When you forget that you have three (or 12 like Linda) pair of black pants in your closet, that’s a problem. What? How could multiples be a problem? Simple. Which will you wear? Your favorite. When we have duplicates (unless you are a dedicated uniform dresser), we tend to grab our favorite, and leave the others hanging. Maybe the pockets are better for your phone, or the fabric is just a little softer, or the length is just right for your most comfortable shoes. The others wait patiently for you to decide on them, but it never happens. You are splitting your wears, and not getting your money’s worth out of the ones you don’t wear (More on this below.) So why buy more?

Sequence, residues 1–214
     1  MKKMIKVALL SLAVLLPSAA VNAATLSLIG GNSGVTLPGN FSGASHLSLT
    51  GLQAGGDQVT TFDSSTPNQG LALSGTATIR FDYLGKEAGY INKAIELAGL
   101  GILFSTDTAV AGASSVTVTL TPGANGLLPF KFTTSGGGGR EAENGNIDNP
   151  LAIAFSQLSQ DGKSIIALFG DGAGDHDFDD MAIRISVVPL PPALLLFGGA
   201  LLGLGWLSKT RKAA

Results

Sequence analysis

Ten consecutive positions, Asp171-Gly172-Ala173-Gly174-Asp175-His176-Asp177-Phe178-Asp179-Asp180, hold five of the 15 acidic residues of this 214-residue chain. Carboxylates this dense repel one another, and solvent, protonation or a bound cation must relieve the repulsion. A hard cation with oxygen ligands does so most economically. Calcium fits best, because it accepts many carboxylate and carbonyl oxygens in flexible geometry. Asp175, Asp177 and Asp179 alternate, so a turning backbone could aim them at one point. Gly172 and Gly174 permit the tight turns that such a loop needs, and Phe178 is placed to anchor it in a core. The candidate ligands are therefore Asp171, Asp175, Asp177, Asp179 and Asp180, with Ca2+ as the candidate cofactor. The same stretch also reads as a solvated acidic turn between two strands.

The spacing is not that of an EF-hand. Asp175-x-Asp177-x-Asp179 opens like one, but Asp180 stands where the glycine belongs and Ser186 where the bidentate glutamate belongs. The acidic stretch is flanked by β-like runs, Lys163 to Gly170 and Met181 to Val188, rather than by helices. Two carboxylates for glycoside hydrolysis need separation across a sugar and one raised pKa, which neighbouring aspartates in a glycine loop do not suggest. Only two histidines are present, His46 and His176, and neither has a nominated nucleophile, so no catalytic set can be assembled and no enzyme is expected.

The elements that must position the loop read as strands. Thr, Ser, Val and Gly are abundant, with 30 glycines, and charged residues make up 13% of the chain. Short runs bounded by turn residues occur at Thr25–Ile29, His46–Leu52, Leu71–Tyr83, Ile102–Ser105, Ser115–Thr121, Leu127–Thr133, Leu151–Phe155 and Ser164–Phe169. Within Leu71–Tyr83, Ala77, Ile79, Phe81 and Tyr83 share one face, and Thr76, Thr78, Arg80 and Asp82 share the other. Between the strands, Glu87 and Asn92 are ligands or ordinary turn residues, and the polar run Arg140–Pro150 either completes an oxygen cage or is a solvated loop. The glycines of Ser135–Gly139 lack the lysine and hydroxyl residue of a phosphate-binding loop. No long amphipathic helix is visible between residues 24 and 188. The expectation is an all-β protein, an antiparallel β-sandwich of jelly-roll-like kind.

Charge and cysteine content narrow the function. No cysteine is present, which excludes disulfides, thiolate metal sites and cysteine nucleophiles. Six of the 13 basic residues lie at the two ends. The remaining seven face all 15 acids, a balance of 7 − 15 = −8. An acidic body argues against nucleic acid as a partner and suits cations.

PS: I don’t count similar trousers hemmed for different heel heights as splitting your wears, because when you grab those heels, you need that longer inseam! But if you never wear those heels because they are uncomfortable… Get rid of the heels, and the trousers hemmed for them.
Less Clothing = More Time + More Money
Once you’ve spent the money on yesterday’s oh-so-cute shirt, that money is gone. If you aren’t wearing it, there’s no reason to keep it. The Sunk Cost Fallacy crowds more closets than you can imagine. Leaving an unsuitable top, trouser, or pair of shoes in our wardrobe because we “spent good money on it” doesn’t bring us any value. Those pieces are taking up physical, mental, and emotional real estate, and time. Each time you paw through clothes you don’t wear, to get to the ones you do, you are wasting time. Two minutes daily may not seem like a big deal, but in a year, what could you do with that extra 12 hours? That’s the better part of a waking day!